The dreamy kitchen inside this Frances Merrill–designed cottage in Massachusetts is easy on the eyes with pops of color.

Photo: Laure Joliet; Styling: Mieke ten Have

A quirky cottage by the seaside in Massachusetts

When I unravel all the layers of my personal style, coastal isn’t usually part of that equation. While I don’t identify as a coastal grandmother, I do have a soft spot for New England—nothing comes between me and a lobster roll from Maine! AD100 designer Frances Merrill is a genius and her subtle transformation of a Cape Ann house built in 1912 should be a case study on whimsical decorating. From the red 1953 Chambers stove and lilac countertop to the blue trim around the windows, the kitchen is a room with a strong POV. (There are plenty of florals, plaids, and quilted motifs thrown in the mix too.) I also love how Frances paired vintage furniture like an antique inlaid-wood dining table with newer versions of old classics like a yellow set of Bruno Rey chairs. 10/10, no notes.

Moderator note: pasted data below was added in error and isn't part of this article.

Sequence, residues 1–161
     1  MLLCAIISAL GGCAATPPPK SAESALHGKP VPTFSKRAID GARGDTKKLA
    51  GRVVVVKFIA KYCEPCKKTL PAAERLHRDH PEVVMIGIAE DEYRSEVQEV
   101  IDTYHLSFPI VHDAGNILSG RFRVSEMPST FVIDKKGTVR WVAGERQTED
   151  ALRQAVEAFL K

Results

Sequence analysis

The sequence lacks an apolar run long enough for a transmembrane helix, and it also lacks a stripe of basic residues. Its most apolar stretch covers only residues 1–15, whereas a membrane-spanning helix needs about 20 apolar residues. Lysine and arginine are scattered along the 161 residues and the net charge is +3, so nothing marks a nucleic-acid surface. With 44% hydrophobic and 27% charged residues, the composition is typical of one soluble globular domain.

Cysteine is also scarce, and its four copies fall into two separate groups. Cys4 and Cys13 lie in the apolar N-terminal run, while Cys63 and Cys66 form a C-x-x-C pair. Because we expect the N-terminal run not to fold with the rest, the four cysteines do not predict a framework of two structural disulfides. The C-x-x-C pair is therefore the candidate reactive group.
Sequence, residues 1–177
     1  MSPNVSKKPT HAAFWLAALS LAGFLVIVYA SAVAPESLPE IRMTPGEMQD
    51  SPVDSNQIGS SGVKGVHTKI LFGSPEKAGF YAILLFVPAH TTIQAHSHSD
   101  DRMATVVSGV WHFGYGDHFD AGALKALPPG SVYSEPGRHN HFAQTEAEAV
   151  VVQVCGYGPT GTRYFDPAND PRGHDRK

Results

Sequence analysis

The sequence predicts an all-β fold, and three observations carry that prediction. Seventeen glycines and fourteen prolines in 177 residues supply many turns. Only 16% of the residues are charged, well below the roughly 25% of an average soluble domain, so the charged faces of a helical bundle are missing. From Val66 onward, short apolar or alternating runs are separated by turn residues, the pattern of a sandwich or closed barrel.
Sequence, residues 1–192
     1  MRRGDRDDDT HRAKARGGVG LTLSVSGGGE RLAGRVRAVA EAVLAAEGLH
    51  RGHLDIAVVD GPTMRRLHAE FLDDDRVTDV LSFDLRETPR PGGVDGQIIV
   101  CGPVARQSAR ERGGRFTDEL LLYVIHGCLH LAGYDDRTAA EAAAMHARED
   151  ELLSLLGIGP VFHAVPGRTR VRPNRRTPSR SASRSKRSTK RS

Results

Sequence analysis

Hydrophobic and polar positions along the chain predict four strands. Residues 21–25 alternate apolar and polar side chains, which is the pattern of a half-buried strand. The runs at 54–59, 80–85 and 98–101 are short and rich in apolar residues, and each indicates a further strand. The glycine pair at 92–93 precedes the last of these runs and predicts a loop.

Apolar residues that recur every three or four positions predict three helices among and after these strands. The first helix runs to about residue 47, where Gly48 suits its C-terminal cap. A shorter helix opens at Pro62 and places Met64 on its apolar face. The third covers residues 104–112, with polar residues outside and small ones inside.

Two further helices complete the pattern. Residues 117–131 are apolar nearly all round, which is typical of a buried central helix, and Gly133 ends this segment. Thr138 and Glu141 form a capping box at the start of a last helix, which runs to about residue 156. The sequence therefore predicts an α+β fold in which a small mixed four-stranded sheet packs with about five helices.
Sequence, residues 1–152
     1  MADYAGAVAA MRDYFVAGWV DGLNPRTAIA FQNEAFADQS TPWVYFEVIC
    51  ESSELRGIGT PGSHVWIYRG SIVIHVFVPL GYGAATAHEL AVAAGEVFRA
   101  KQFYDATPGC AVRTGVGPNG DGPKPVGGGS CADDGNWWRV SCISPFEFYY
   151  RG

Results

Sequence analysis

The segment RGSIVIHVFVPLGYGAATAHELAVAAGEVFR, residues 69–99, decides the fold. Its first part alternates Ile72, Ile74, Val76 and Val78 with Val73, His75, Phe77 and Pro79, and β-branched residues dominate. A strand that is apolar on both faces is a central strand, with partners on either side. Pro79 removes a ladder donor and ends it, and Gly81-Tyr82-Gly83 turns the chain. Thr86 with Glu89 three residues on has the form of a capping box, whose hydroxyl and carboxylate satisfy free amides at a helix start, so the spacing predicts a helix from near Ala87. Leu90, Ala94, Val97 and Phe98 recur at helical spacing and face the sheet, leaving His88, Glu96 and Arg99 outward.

As far as English kitchens are concerned, nobody does it better than Sienna Miller.

Photo: Simon Upton

Cottagecore romance in the English countryside

Could anyone resist the charm of #cottagecore aesthetics while residing in the countryside? Sienna Miller certainly didn’t once she finished restoring her 16th-century cottage in Buckinghamshire. The kitchen, which opens to an enchanting garden, is full of character with cabinets made from old school desks, Hungarian striped linen curtains, and a classic farmhouse table and chairs. (When working on the renovation project, Gaby Dellal recruited suppliers, craftsmen, and dealers across the UK, the U.S., and Turkey.) Lily Allen also reminds us that the simplicity of a plain English kitchen is hard to top and I completely agree. Don’t mind me adding a bunch of things from Salter House and Matilda Goad to my cart…